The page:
Originally posted on Michigan Radio
It was March when Stacy Averill noticed the lines were getting longer at Gleaners Community Food Bank distribution sites across Southeast Michigan.
“Right now, we are seeing multigenerational families who are all living together to save on costs, who are coming to our distributions in order to help that household get by,” says Averill, Gleaners’ vice president of community giving and public relations. “We’re also seeing more people carpool…and pick up food for their neighbors, so that their neighbors don’t have to spend the money on gas to get to the distribution sites.”
Food insecurity soared during the first year of the pandemic, affecting an estimated 2 million people in the state. After hitting record levels, the share of people leaning on food banks started to drop slightly last year. But now state and local food bank organizations say they’re seeing another steady rise in demand “beyond the normal ebbs and flows,” Averill says.
In a year where grocery prices soared 10% (the largest one-year increase in 40 years, according to the Consumer Price Index), Michiganders are now paying a record $64 on average for a 15 gallon tank of gas, on top of higher housing, rent, energy, and car prices. It’s especially hard on families and seniors living on fixed incomes, Averill says, and demand is up at mobile food sites where people can drive through, as well as brick and mortar food pantries.
“Each month over the last five months, we’ve seen the number of people coming in search of emergency food, climb,” says Phil Knight, executive director of the Food Bank Council of Michigan.
But at the same time, food banks are struggling to keep their shelves stocked, Knight says. That’s partly thanks to those same rising food costs.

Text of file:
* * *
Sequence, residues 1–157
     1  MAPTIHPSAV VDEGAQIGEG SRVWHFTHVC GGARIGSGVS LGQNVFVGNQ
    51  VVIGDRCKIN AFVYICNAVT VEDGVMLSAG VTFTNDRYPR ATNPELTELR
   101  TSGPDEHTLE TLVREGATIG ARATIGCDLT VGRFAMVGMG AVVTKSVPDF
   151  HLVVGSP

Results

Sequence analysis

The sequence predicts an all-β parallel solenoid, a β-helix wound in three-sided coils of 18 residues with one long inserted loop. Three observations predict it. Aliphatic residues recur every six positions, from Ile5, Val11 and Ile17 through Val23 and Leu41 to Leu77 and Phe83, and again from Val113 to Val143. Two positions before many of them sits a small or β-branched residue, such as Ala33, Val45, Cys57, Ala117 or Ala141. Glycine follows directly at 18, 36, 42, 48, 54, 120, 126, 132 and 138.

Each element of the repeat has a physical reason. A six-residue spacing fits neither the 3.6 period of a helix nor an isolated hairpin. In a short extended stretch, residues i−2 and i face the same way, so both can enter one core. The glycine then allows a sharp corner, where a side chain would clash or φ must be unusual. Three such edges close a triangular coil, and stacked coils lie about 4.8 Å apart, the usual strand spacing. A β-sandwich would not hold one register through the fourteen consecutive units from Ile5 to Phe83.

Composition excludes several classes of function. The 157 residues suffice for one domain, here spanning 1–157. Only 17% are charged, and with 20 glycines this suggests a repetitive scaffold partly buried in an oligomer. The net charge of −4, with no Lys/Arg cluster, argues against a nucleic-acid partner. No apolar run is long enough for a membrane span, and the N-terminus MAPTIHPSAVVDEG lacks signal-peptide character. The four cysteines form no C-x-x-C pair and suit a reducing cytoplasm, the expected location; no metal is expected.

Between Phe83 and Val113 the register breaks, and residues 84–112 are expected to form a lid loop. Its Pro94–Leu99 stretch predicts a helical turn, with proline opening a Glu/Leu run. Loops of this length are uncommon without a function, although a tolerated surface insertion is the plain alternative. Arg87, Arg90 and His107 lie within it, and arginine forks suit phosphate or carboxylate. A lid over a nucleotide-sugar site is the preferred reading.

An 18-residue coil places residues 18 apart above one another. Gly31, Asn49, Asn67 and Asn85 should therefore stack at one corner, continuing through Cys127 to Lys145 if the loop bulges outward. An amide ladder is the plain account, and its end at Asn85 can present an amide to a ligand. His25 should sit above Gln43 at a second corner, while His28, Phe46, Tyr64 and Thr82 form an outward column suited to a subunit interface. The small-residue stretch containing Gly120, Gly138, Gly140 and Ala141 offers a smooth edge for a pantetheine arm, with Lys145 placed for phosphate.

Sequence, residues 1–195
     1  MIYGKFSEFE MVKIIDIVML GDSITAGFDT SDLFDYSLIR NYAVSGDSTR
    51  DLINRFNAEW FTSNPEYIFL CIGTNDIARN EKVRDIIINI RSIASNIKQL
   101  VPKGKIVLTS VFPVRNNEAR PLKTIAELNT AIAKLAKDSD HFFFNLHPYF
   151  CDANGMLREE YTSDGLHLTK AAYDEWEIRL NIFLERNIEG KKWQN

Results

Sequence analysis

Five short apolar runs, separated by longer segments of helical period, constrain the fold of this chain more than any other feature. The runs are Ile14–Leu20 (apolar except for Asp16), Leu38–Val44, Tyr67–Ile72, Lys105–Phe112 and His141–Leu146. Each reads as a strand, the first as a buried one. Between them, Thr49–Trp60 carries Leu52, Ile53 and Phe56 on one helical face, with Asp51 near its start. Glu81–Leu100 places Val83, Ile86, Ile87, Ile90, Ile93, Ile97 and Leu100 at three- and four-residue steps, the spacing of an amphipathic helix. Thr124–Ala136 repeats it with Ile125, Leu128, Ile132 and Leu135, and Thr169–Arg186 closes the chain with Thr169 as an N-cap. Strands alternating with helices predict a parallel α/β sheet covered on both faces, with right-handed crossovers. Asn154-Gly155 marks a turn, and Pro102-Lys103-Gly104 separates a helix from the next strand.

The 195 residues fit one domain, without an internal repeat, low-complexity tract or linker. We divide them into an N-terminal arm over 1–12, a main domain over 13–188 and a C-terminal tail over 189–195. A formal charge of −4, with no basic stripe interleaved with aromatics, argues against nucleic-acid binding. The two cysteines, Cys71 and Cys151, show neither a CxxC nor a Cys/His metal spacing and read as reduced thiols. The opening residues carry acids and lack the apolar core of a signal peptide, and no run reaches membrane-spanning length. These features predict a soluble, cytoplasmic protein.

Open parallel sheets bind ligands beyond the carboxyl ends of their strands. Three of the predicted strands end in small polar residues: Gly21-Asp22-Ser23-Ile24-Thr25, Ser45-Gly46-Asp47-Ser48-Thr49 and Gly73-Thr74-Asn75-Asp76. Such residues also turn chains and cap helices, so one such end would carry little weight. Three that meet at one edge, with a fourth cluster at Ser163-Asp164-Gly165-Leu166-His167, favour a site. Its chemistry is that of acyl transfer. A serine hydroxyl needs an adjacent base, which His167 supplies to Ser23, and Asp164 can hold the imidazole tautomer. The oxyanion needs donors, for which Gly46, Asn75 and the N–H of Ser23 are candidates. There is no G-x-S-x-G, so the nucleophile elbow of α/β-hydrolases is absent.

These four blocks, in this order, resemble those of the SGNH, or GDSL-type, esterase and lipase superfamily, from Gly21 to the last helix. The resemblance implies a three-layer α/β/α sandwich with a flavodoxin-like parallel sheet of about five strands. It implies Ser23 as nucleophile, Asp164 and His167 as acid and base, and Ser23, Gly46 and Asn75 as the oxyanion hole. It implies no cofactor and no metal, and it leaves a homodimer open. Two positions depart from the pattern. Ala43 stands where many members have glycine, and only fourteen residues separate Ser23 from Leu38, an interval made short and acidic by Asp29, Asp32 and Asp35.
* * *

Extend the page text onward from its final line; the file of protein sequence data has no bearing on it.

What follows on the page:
At the same time, less food is coming in from the USDA, she says. “That’s typically a large source of donated food to Gleaners, and that has decreased substantially from what we saw during the pandemic.” At one point during the pandemic, the USDA was providing 30% of what food banks were distributing, Knight says. “[Now] we are only receiving 8% of the food from the USDA that we are distributing.”
The USDA has an Emergency Food Assistance Program (TEFAP) to help supplement the food that food banks receive. When COVID hit, that program got an influx of one-time, emergency funds during the first couple years of the pandemic that have since expired, a USDA spokesperson says via email. “All one-time funds were in addition to the annual TEFAP entitlement allotment a state receives which is based on a state’s poverty and unemployment data,” the spokesperson says. “The TEFAP entitlement formula has not changed; what has changed is the ending of one time appropriations.”
On top of that, supply chain problems with everything from aluminum to cardboard are also making it hard to transport and store food where food banks need it, Knight says.
“That’s the bottom line: we just do not have enough food to meet the need,” he says. “…And so this looks like a perfect storm for us, in that we’re getting less food [but] we’re having more people [who need help.]”